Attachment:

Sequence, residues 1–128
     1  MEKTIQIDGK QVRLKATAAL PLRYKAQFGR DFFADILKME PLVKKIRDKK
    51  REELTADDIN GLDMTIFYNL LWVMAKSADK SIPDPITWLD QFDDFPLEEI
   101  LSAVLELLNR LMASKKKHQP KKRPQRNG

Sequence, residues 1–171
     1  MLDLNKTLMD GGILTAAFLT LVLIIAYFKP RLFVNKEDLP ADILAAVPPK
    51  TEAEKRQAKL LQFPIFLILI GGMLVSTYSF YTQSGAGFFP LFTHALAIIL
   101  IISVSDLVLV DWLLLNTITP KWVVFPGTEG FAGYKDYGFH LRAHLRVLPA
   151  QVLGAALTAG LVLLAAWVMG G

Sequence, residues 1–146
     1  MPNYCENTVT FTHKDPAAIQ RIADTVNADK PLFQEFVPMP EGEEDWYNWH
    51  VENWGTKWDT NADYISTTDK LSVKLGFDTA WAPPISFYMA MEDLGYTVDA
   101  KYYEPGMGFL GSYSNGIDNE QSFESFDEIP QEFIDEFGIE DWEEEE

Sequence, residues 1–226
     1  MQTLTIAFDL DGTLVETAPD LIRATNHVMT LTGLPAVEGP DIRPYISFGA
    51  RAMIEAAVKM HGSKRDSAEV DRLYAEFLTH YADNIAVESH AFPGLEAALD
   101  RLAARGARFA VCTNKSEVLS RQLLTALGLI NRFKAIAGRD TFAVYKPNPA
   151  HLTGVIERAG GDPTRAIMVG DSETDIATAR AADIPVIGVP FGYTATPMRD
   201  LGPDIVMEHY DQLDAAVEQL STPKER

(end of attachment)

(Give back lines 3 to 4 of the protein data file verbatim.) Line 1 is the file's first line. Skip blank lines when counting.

    51  REELTADDIN GLDMTIFYNL LWVMAKSADK SIPDPITWLD QFDDFPLEEI
   101  LSAVLELLNR LMASKKKHQP KKRPQRNG